The best laid plans don’t always pan out. This old adage seems particularly true when it comes to planning a lifetime of financial health and security. Sometimes the economy has a way of pulling the rug out from under the feet of even the most stable individuals. In this situation, some consider cashing in on their retirement account/s to pay off debt in order to avoid bankruptcy.
Major issues to consider if you are facing a similar dilemma include:
- Would cashing in your retirement account provide enough funds to completely clear your debt? Or would you be cashing in on your retirement, using it all to pay some of the debt and eventually turning to bankruptcy anyway?
- Tax penalties (federal and state) apply when cashing in on your retirement account/s early.
- Would cashing in on your retirement account/s leave you in a difficult situation when the time comes to retire?
- Retirement funds are protected (exempt) from creditors when filing for bankruptcy.
If your retirement funds far exceed the cumulative debt you are wishing to discharge and cashing them in would not leave you in dire straits when the time comes to retire, it might work for you. But for most, it doesn’t make sense. Retirement funds are protected from the collection of debts during the bankruptcy process. They are completely exempt. An individual who has dedicated a significant portion of their income throughout a multitude of high income years might have far more in their retirement account than the cumulative debt they are going through bankruptcy to discharge. Some see it as an unfair exemption. But, regardless of any who oppose on a moral basis, it is the law. Retirement accounts can’t be touched by the creditors of individuals filing for bankruptcy. Inherited retirement accounts may not be protected. Consult with your bankruptcy attorney to get clarification on your specific situation prior to filing.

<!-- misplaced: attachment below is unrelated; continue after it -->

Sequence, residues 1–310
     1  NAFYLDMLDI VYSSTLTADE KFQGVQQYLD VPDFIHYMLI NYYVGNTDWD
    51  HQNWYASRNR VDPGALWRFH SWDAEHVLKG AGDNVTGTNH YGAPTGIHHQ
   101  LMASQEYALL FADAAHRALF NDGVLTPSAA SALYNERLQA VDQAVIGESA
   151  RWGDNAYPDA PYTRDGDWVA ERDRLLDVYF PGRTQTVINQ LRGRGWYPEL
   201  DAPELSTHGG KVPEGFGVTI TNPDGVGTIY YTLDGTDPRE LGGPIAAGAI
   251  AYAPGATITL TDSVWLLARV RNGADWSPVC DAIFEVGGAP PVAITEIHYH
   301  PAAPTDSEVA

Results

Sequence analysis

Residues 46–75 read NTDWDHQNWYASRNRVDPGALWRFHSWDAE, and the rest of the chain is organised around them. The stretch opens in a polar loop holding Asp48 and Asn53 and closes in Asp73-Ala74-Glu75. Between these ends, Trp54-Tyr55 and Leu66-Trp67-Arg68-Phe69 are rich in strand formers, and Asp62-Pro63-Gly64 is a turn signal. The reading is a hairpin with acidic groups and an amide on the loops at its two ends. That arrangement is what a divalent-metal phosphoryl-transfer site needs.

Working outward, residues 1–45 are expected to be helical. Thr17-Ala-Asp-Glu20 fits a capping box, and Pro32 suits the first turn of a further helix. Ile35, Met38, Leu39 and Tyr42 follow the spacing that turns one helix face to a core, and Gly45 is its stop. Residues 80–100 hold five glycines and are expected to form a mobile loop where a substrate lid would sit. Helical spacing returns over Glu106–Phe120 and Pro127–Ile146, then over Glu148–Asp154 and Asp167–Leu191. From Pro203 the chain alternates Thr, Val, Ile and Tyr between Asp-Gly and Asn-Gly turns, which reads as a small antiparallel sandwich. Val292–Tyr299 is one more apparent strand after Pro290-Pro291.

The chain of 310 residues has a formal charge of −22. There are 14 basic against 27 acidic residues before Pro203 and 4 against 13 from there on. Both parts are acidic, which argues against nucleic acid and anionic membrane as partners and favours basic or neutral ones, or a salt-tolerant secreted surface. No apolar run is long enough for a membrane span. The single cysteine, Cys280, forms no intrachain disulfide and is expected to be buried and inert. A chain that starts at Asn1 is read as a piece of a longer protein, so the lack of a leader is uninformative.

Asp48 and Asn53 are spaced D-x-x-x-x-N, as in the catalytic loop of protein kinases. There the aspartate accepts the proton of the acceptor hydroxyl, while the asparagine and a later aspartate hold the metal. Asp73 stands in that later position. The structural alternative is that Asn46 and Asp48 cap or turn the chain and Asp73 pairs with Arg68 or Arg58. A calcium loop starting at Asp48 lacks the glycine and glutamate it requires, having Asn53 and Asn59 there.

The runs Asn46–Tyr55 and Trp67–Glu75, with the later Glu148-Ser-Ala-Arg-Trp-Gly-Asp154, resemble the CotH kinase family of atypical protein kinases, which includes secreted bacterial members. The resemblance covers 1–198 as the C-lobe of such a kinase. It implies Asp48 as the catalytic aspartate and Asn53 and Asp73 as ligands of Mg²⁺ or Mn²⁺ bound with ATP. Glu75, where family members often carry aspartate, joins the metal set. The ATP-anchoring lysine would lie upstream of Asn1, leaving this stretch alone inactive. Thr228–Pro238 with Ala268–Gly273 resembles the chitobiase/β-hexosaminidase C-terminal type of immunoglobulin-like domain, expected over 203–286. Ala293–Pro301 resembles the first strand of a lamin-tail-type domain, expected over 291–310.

If you have questions regarding the protection of your retirement accounts during the bankruptcy process, call the Southern California bankruptcy law experts at Westgate Law.